R. v. Fernandes, 2013 ONCA 436 holds:
 It is also important to emphasize that driving prohibition orders under theCode, and provincially-imposed driving suspensions or restrictions are different in character and serve discrete purposes. Driving prohibition orders under theCode form part of a sentencing judge's arsenal of sanctions on sentencing an accused for a criminal driving offence. In some instances, the imposition of a driving prohibition order is mandatory for such a conviction; in other instances, it is a discretionary sanction that may be imposed by the sentencing judge when crafting a fit sentence: see ss. 259(1), (2) and (3.1) to (3.4) of the Code. The important point is that, whenever imposed, a driving prohibition order under theCode is part of the penalty or punishment imposed for a criminal driving offence.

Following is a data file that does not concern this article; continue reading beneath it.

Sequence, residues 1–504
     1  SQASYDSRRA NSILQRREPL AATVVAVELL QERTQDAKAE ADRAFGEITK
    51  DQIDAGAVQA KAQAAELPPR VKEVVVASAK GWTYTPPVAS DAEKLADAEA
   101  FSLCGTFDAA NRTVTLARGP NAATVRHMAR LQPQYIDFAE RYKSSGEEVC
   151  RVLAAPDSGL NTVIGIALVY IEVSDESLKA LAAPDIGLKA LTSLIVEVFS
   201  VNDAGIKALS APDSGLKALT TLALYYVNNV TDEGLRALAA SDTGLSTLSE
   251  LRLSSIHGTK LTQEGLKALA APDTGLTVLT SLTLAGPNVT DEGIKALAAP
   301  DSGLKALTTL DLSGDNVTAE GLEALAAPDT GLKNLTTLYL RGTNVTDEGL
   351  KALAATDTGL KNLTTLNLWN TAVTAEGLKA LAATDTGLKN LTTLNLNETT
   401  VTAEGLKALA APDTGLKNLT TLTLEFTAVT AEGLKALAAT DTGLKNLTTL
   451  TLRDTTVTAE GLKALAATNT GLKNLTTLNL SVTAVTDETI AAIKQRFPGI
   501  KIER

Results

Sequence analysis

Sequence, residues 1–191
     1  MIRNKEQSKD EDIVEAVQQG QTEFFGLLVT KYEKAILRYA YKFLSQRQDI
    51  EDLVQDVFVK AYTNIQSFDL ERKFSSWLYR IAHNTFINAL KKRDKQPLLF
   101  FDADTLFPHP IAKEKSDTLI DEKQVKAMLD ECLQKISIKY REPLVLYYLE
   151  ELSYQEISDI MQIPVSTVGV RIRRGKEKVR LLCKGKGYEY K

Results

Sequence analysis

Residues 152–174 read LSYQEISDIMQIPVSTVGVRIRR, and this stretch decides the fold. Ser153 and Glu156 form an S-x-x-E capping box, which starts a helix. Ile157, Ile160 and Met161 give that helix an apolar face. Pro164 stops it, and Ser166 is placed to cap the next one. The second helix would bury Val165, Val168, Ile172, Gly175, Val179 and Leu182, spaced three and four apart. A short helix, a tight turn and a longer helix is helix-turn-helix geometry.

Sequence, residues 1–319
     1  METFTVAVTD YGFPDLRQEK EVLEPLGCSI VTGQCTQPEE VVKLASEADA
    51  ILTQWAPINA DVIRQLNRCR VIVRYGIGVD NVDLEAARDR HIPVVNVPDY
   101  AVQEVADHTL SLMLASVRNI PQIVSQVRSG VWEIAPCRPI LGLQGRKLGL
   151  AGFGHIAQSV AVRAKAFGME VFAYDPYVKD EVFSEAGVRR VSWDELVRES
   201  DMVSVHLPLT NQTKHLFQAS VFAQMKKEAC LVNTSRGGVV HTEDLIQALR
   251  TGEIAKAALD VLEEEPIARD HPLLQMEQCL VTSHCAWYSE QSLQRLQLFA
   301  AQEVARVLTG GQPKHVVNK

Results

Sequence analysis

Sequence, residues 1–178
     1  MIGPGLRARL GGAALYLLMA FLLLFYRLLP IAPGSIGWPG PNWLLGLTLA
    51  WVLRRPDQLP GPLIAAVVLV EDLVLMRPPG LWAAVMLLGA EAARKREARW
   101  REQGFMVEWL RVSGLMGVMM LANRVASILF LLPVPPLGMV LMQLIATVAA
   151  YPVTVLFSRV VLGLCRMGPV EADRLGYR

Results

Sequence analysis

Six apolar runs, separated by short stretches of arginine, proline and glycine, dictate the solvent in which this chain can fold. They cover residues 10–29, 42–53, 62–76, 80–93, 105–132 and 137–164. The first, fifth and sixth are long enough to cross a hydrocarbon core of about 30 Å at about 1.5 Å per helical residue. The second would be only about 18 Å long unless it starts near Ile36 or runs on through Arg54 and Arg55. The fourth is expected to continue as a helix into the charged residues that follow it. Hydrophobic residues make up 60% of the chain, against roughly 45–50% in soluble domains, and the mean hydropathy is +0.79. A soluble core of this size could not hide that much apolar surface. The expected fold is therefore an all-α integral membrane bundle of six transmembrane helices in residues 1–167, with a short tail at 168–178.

In contrast, provincial driving suspensions or restrictions do not constitute any part of a penalty or punishment imposed by the criminal law. Rather, they are a form of civil driving disability arising out of a conviction for a criminal offence. I endorse Durno J.'s observation in R. v. Wilson, 2011 ONSC 89, 270 C.C.C. (3d) 110, at para. 29, citing Prince Edward Island (Secretary) v. Egan,  S.C.R. 396: "[t]he provincial suspension is not a sanction that is imposed in furtherance of the purposes and principles of sentencing … It is not part of the federal criminal law power and not imposed in furtherance of the purposes and principles of sentencing."